Who can believe that December is already here? 2012 seems to have come and gone in the blink of an eye. As we close the door on this year, let's take a moment to reflect on some of the noteworthy changes and news items that impacted us within the HR world.
WSIB News in 2012
Changes at the top
Amid some controversy, the McGuinty Liberals appointed long-time Conservative MPP Elizabeth Witmer (Waterloo North) to replace Steve Mahoney as Chair of the WSIB in April.
Witmer has stated that she has plans to "modernize" the organization. To learn more about her vision, click here.
Opening the floodgates
A noteworthy WSIAT decision regarding stress claims early in 2012 expanded the scope of entitlement for traumatic mental stress and reversed the historical requirement of a "physical threat."
Many wonder if this will lead to a dramatic increase in mental health claims. Check out Clear Path's blog post on this topic.
Employer cost increases
In order to reduce its approximately $14.2B unfunded liability, the WSIB continues to implement changes that often lead to increased costs for employers.
The previously announced expansion of the NEER window to 4 years came into effect on this year's NEER statements and employer premium rates were increased an average of 2.0% for 2012 and another 2.5% for 2013.
NEER Expected Cost Factors were reduced on December 2011 quarterly statements. This translated into lower rebates for the 2011 accident year and a number of firms facing surcharges due to the change in the NEER claim cost calculation. Check out our blog for more details.
In an unusual step, the WSIB adjusted historical reserve factors just prior to the release of September 2012 NEER statements. Many companies complained that this impacted their forecasted costs for the year.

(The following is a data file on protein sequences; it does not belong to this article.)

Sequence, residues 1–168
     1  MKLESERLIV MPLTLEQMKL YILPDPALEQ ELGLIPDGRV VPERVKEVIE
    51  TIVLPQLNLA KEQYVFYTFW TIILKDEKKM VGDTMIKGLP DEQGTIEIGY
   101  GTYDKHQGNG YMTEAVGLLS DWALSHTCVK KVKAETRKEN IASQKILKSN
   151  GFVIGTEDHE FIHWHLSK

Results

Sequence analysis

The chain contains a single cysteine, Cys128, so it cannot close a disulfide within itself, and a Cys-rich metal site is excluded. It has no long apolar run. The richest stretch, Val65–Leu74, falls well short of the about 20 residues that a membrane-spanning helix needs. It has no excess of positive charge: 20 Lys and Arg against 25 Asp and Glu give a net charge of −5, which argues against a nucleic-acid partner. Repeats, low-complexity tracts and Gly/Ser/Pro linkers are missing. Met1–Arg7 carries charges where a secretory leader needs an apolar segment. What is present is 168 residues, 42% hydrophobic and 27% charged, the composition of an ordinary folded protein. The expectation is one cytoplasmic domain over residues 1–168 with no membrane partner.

Accessibility in 2012
AODA Customer Service Standard
The Ontario government is implementing legislation known as the Accessibility for Ontarians with Disabilities Act (AODA) with the intention of making the province fully accessible by 2025.
On January 1st, the AODA Customer Service Standard, the first of the five original pieces of the staggered legislation, came into effect for most Ontario private sector businesses (it came into effect in the public sector two years earlier). Clear Path can help your company get compliant if you haven't yet done so. Click here to learn about our AODA DIY package.
By December 31st, if you have 20 or more employees, you must file your Customer Service Accessibility Compliance Report to inform the Ministry that you have met the requirements of the Customer Service Standard.
Integrated Accessibility Standard Regulation (IAR)
Originally the Ontario government had five separate "standards" to be implemented separately as part of the AODA. Changing course in 2011, they decided to combine three of them (Employment Standard, Information & Communications Standard, and Transportation Standard) into the AODA Integrated Accessibility Standard Regulation.
Time frame implementation of IAR
One aspect of the Information & Communications Standard, namely that emergency procedures and public safety information be accessible to people with disabilities, came into effect as of Jan. 1, 2012.
First steps towards AODA Built Environment Standard
The fifth and final part of the original five AODA standards is the Built Environment Standard. For many, this standard is the most daunting and controversial since it may lead to battles over accessibility versus historically significant buildings.
As a first step towards this new standard, the Ontario government released a draft version of the AODA Built Environment Standard for "Public Spaces" for review and consultation between August-September 2012.
Public spaces are defined in the draft as:
It is expected that much of draft will survive to the final version. The government has proposed compliance dates of 2017 for large businesses and 2018 for small businesses (less than 50 employees).
It is noteworthy to mention that many of the requirements include a general exception where it is not practicable to comply because of existing physical or site constraints that prohibit modification. There are also exceptions for spaces designated as having cultural or national historical significance. Click here to learn more.
AODA in the news
Two recent stories demonstrate why having a clear understanding of the AODA legislation is so important:
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